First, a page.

Fabiano Caruana did not start playing chess in Brooklyn, New York when he was five years old because his mom thought he’d be a future grandmaster, or that he’d one day play for the World Chess Championship, just like fellow Brooklynite Bobby Fischer did back in the early 1970s. No, Caruana’s mom thought chess would calm him down and keep him focused in school.
“I was having trouble with concentration,” Caruana, 26, tells TIME, “and the idea was that maybe chess would help with that. It was more of a remedy.” Before long, this cure for little-kid hyperactivity took Caruana much further than his Lego buildings and origamis ever could. Within a year, he was winning tournament games against kids who were in junior high school and older. “His first instructor told us he was trying to teach her chess concepts,” says Caruana’s father, Lou. “We knew he was special.”
Starting on Friday in London, Caruana will become the first American since Fischer, who won the world chess title in 1972 and held it until 1975, to challenge for the World Chess Championship. Caruana faces Norway’s Magnus Carlsen, the world chess champ since 2013, in the 12-game match that will be played over three weeks at The College, a 10,000-square-foot venue in the city. Chess rarely attracts much mainstream attention in the United States. But chess pundits expect that a Caruana victory could spark an explosion in chess interest America hasn’t seen since Fischer’s heyday. “You do like your winners, don’t you?” says Mark Crowther, the U.K.-based founder and editor of The Week In Chess.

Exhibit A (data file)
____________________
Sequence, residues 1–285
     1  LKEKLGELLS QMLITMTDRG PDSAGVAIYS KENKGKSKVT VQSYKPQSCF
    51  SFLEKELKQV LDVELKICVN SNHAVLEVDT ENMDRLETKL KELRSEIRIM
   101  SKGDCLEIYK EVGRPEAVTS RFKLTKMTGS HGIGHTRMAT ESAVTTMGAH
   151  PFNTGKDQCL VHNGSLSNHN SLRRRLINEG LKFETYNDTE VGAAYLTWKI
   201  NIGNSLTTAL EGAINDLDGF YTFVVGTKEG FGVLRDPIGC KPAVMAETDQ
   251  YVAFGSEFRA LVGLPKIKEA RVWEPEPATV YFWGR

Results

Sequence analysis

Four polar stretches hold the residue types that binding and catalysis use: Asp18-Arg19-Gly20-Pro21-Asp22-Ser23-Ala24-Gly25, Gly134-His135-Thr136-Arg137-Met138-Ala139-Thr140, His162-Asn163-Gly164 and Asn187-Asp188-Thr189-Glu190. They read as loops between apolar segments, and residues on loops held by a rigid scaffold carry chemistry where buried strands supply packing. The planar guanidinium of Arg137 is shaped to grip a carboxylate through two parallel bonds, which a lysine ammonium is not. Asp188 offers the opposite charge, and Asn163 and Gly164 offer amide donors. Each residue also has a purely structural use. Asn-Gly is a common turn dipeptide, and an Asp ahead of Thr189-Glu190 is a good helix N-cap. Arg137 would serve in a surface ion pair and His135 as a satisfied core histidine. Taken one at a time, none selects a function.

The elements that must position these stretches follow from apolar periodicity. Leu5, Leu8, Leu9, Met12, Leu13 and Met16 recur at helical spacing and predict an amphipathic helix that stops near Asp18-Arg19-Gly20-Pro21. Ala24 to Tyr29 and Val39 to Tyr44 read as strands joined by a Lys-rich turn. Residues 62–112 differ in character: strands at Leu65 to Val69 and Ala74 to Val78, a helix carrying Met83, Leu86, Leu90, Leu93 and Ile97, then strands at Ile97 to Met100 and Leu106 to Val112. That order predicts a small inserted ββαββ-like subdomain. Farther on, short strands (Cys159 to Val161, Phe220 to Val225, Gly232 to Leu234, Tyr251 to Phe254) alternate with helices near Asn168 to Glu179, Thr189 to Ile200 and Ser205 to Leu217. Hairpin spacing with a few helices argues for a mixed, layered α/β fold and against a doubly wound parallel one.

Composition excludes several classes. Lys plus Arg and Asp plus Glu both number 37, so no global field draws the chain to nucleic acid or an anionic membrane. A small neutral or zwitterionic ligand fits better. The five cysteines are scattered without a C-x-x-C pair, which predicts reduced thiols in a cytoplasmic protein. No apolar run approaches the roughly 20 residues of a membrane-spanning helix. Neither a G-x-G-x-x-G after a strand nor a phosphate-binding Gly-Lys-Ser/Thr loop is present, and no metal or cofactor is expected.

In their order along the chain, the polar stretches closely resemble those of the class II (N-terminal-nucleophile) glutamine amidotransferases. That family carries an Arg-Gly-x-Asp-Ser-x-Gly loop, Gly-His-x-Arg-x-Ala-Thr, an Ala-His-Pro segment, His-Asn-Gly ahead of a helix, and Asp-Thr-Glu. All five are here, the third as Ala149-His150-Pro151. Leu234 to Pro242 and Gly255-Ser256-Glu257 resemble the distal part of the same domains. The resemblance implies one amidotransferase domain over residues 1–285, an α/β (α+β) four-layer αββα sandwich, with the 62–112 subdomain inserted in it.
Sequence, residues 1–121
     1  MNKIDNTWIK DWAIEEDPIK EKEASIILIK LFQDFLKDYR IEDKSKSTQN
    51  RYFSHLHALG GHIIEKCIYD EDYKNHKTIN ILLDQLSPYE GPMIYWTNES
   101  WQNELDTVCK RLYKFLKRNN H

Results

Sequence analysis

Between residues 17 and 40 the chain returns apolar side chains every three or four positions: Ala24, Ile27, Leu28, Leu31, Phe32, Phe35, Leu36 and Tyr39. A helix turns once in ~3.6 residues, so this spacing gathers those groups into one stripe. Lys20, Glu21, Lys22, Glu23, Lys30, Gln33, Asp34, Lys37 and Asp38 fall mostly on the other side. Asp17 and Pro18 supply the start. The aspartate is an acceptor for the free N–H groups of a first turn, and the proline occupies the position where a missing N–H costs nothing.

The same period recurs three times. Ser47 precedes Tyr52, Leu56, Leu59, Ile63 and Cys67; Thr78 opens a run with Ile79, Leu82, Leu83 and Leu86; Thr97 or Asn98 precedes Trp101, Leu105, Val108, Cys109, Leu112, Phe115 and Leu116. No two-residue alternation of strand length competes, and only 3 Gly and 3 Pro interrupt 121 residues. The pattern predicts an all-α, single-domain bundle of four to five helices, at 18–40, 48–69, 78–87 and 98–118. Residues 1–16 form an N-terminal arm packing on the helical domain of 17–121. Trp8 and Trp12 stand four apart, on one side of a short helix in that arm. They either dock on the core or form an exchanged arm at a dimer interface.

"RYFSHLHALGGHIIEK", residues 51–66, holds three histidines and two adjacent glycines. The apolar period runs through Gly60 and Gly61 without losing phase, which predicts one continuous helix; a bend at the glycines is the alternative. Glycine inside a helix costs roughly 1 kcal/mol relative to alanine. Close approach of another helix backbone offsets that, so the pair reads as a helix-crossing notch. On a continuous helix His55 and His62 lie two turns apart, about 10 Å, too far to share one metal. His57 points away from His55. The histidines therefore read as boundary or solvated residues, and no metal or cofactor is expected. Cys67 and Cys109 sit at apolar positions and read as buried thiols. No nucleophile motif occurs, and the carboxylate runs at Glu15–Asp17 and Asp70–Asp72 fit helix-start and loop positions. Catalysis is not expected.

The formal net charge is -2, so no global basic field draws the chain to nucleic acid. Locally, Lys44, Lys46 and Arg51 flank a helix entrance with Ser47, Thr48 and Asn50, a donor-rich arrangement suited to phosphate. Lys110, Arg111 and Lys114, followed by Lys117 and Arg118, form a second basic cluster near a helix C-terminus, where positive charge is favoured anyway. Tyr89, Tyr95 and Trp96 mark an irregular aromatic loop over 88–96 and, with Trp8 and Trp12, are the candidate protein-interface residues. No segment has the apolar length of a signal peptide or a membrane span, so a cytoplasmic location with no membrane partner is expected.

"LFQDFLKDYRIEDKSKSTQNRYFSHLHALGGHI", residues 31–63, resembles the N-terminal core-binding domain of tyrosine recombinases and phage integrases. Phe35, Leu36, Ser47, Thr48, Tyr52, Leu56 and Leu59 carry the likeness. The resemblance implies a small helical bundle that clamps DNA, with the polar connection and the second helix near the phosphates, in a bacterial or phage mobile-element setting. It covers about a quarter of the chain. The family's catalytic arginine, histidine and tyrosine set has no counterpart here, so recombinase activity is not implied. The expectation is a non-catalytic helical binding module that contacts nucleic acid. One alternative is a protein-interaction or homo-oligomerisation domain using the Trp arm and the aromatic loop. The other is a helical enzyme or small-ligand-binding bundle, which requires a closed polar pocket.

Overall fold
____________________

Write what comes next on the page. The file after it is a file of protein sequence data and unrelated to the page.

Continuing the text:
In March, Caruana earned the right to face Carlsen by beating out seven other top players to win the Candidates Tournament in Berlin. “Fabiano has the power to be better than Carlsen,” says Crowther. “There have been very, very few players you can say that about. I honestly don’t know who’s going to win this match. It’s a total toss-up.”
Caruana forged a circuitous path to representing the U.S. on chess’ grandest stage. His family decided to take Fabiano out of school and move to Spain when he was 12 in order to compete in more high-level tournaments and train with top instructors. Since his mother is Italian, he could compete for Italy’s chess federation. “It was not an easy decision,” says Caruana’s father Lou of taking his son out of school. “The plan was always to do it for a year or two and see how it works out. Is he loses a year of school, so what? He’s smart and can catch up. We could always correct things if it wasn’t going in the right direction.”
Initially, Caruana didn’t support the plan. “I wasn’t really keen on the idea of going to Europe when my parents suggested it,” he says. “I had friends in Brooklyn; I had a life in Brooklyn. But once I started playing chess pretty much full time, it just became a normal part of life. Me and my dad would just go from tournament to tournament in different countries. I missed out on social things in school and everything, but I was able to see the world as a young kid, which is very rare.”